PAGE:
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Economy in Brief

Pandemic & Assistance Initial Claims at 2.2 Million; Continuing Rises to 31.4 Million
by Gerald D. Cohen  June 25, 2020

• State initial jobless claims decreased to a still extremely-elevated 1.480 million in the week ending June 20.

• Federal Pandemic Unemployment Assistance new filers at 728,120.

• Continuing claims for state programs declined to 19.5 million; PUA increases to 11.0 million.

• Twenty-nine states had insured unemployment rates above 10%, only Nevada over 20%.

State initial jobless claims for unemployment insurance decreased to 1.480 million during the week ending June 20 from an upwardly-revised 1.540 million (was 1.508 million). The Action Economics Forecast Survey anticipated 1.3 million claims. While substantially lower than the weekly peak of 6.9 million new filers in late March, the current level of initial claims remains well above the previous record of 695,000 set in 1982. The four-week moving average of initial claims, which smooths out week-to-week volatility, but is less important at the moment because of the rapidity of changing conditions, decreased to 1.621 million from 1.782 million.

Claims for the federal Pandemic Unemployment Assistance (PUA) program, which covers individuals such as the self-employed who are not qualified for regular/state unemployment insurance, decreased to 728,120 in the week ending June 20 from an upwardly-revised 770,920 (was 760,526). PUA claims peaked at 1.310 million in the week ending May 23. Numbers for this and other federal programs are not seasonally adjusted.

Continuing claims for unemployment insurance declined to 19.522 million in the week ending June 13, from a downwardly-revised 20.289 million (was 20.544 million). Continuing PUA claims, which are lagged an additional week, jumped to 11.046 million from 9.374 million (was 9.281 million). Pandemic Emergency Unemployment Compensation claims decreased to 851,983 in the week ending June 6. This program covers people who were unemployed before COVID but exhausted their state benefits and are now eligible to receive an additional 13 weeks of unemployment insurance, up to a total of 39 weeks.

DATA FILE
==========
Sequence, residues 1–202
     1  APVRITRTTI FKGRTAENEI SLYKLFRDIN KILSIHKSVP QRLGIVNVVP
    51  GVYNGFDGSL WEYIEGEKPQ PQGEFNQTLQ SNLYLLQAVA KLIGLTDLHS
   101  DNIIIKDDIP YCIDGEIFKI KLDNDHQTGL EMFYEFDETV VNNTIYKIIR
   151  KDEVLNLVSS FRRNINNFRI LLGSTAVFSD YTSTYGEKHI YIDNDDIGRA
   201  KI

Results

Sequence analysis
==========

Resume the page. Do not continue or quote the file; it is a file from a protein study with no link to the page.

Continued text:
The insured rate of unemployment decreased to 13.4% in the week ending June 13; the previous week was revised down to 13.9% from 14.1%. This data does not include the federal pandemic assistance programs. If you include the latest data available, which is lagged one additional week, the number of continuing claims was 31.4 million or 19.9% of the labor force. This is up from 30.7 million in the previous week -- which was revised down from 30.9 million -- and the peak of 32.4 million in late May.

The state insured rates of unemployment -- which do not include federal programs -- continued to show wide variation with South Dakota at just 4.5% and Nevada at 22.6% (the only state remaining above 20%). Twenty-nine states had rates over 10%. The largest states ranged between 10.5% for Texas and 17.8% for New York. The state rates are not seasonally adjusted.

Data on weekly unemployment claims going back to 1967 are contained in Haver's WEEKLY database, and they are summarized monthly in USECON. Data for individual states are in REGIONW. The expectations figure is from the Action Economics Forecast Survey, carried in the AS1REPNA database.

Unemployment Insurance (SA, 000s) 06/20/20 06/13/20 06/06/20 Y/Y % 2019 2018 2017
Initial Claims 1,480 1,540 1,566 561 218 221 244
  4-wk Average 1,621 1,782 2,008 -- -- -- --
Initial Claims Pandemic Unemployment Assistance (NSA) 728 771 700 -- -- -- --
Continuing Claims -- 19,522 20,289 1,054 1,701 1,756 1,961
  4-week Average -- 20,421 20,751 -- -- -- --
Continuing Claims Pandemic Unemployment Assistance (NSA) -- -- 11,046 -- -- -- --
Insured Unemployment Rate (%) -- 13.4 13.9

(Jun 2019)

1.2 1.2 1.4
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